A teenager killed in January 2019 was “served poorly” by the absence of national guidance around how to deal with criminally exploited children who are found out of their local area, an investigation has concluded.
Jaden Moodie, 14, was knocked off a moped in Leyton, East London, and stabbed to death by a group of attackers in an apparent gang dispute. Ayoub Majdouline, 19, was sentenced to at least 21 years in prison last December after being found guilty of Jaden’s murder. Three other men who were with Majdouline at the time remain at large.
Three months before Jaden’s death, he was found in possession of crack cocaine and money with an older boy in a ‘cuckooed’ flat – where the property of a vulnerable person is taken over for drug dealing – in Bournemouth, more than 100 miles from his home, and arrested.
A serious case review by Waltham Forest safeguarding children board found the opportunity his arrest provided to divert him from exploitation within county lines drug dealing networks was lost due to a lack of co-ordinated arrangements between local authorities.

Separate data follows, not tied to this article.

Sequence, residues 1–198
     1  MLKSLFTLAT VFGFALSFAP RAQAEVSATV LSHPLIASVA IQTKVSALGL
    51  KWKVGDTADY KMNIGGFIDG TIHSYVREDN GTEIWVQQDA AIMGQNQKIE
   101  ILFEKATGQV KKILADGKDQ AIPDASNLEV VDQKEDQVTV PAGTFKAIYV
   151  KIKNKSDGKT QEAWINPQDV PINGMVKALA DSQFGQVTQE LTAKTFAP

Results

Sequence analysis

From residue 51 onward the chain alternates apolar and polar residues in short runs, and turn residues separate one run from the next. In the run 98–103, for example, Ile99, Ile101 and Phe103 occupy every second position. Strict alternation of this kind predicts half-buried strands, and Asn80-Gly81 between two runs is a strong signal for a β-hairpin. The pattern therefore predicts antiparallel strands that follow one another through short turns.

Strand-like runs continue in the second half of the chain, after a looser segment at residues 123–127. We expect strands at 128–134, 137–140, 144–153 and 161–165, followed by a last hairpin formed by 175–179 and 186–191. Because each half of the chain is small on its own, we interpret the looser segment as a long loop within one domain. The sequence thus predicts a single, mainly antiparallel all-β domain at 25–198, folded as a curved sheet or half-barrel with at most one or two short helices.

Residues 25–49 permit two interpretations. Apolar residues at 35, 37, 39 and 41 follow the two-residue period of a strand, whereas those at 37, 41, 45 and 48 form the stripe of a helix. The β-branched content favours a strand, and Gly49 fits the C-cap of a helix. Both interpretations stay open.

While children’s services and other agencies within Waltham Forest then enacted plans to safeguard Jaden – who was staying with his grandmother at the time of his death – these were complicated and lacked strategic leadership, the review found.
In a series of recommendations, it said the findings should be referred to the Department for Education (DfE) and other government bodies, alongside requests that key guidance documents be updated to ensure children at risk of harm from outside the family are adequately protected.
Earlier this year, a panel of government advisers also called for one of those documents, Working Together to Safeguard Children, be reviewed specifically in order to better address risk from outside the home.
Jaden had moved to stay with his grandmother in Waltham Forest, in April 2018, after threats were made against him in Nottingham, where he had previously lived with his mother, Jada Bailey, and siblings, due to debts he was said to have built up.